The next day we were at the ranch (Africa U.S.A.) and I was watching Folsom come out and a couple of the guys with him. My Dad called out for me and asked me to join them. I yelled back, as he was a ways away, “I want to see one of the guys get up on him first, to see what kind of a mood he is in!” My dad dropped his head, as he was not use to anyone questioning him or not jumping to his every whim. He called out to Dick (a trainer) and asked him to get up on Folsom. Dick walked over to Folsom and jumped on, sure enough it took Folsom all of 2 seconds to decide he didn’t like Dick and he took off. Poor Dick was being bounced from side to side for about 20 yards before he could jump off.

I was rolling with laughter watching, till my Dad walked over and said your turn! I straightened right up and said, “Did you see that? He is not in a good mood, and you want me to get up there? Are you crazy?” “Tana, trust me, have I ever let you get hurt? I love you honey, please.” I looked up at him with my hands on my little hips and said “NO!” I walked off to the nearest fence, climbed up and refused to move.

My Dad took a deep breath, walked over and for the next 15 minutes stood there looking up at me and pulled out all the stops to talk me down. I finally came down and walked over to Folsom, I approached him from his head so he could see me, then I slowly walked to his side and put my little hands on his belly and slowly walked towards his head while talking gently to him the whole way. I was explaining how I had to ride him and I would so appreciate it if he would allow this and not try to run off with me.

When I got to his head he lowered it and I kissed his nose. I looked at my dad and said, “Okay, lets do this.” My dad slowly lifted me and gently put me on Folsom’s back, he didn’t let go till he saw I had the reins firmly in my hand and that Frank had a good hold on Folsom’s head collar. He looked at me and asked, “Are you ready?” I nodded back and said, “You so owe me,” and one by one each person released and it was just Folsom and me. I kept talking to him and gave him a gentle nudge with my feet and he started to walk. I set out and then turned him so we were going in big circles then I reversed the circle, he was a perfect gentleman with me. I jumped off and gave him a hug around his neck and walked him back over to Frank who had a grin on his face. I looked up at my Dad and said, “There you go!” He cracked up and bent down and gave me a hug and then said, “See you listened and all was fine. Good job kid.”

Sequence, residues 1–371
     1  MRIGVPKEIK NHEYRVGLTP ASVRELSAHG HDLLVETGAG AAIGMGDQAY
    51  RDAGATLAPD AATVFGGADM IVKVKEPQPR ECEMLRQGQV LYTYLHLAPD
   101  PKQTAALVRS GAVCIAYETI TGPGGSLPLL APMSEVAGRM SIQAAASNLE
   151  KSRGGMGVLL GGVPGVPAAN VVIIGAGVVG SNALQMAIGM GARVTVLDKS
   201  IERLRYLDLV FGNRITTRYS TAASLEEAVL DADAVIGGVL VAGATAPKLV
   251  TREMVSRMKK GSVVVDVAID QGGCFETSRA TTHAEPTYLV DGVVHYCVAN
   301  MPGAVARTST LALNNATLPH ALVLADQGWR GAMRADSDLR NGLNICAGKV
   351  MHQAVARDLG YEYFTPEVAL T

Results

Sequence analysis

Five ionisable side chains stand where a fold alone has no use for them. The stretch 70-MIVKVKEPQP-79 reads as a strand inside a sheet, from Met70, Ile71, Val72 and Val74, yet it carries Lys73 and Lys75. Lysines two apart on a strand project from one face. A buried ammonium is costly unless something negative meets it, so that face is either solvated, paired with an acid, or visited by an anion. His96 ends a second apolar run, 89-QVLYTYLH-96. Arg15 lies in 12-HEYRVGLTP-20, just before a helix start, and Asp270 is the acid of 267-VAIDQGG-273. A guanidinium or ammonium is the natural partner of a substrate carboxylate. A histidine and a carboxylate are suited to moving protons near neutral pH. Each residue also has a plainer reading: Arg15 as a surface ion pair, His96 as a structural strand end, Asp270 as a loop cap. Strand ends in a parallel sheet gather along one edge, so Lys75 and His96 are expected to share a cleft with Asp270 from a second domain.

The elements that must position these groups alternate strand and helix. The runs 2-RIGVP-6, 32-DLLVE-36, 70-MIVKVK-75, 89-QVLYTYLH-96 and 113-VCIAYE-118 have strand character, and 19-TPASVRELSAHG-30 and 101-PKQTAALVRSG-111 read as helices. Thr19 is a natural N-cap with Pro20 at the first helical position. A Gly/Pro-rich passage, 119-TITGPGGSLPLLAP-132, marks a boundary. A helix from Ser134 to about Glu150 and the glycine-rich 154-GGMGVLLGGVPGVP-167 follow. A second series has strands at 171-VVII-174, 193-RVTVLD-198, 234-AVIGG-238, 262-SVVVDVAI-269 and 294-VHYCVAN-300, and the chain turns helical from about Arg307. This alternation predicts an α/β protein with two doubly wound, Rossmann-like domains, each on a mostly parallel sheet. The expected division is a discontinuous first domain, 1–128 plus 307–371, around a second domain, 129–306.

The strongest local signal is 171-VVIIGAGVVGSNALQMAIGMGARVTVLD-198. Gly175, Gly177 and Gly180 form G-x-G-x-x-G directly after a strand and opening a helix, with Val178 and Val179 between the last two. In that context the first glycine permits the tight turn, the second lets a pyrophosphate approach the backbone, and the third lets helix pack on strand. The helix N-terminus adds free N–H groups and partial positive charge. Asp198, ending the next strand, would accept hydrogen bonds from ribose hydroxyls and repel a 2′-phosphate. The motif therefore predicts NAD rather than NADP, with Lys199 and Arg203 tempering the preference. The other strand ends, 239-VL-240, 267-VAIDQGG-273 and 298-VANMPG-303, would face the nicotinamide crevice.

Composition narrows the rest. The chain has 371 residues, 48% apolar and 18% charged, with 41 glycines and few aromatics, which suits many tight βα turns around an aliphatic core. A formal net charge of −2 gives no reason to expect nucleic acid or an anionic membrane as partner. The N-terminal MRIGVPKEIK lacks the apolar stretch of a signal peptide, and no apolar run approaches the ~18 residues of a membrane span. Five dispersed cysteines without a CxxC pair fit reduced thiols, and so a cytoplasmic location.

When the producers came out to see the animals they wanted to hire for the production they asked to see Folsom and me, I rode him around for them and to my huge disappointment they not only hired the animals, but they wanted me to be the little girl in the pilot! I hated acting and now to my poor Dad’s apprehension he knew negotiations were about to begin all over again with me! The TV show pilot was for the hugely successful TV series ‘Daktari.’



The child star was Erin Moran


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Tiva turns 21 today! Anyone whom has ever watched a child grow up understands the immense pride you can have for your child, even someone else’s child. Tiva and her sisters have brought me overwhelming pride and joy every moment of their existence.

This story is 100% true, nothing elaborated on and all because of Tiva’s eminent enlightenment at the age of two.

At the time we were living in Washington State as I had the children there and then would come back to Kenya later. I had just had Rian in January of ‘91 she was about 6 months old at the time of this story and Tiva was 2 years old. We lived on a small plot with a huge forest for our back yard which we did not own. Tiva loved the forest and often I would find her sitting by the fence looking at the trees and the small wildlife playing. She would play around the trees in our yard and hug them.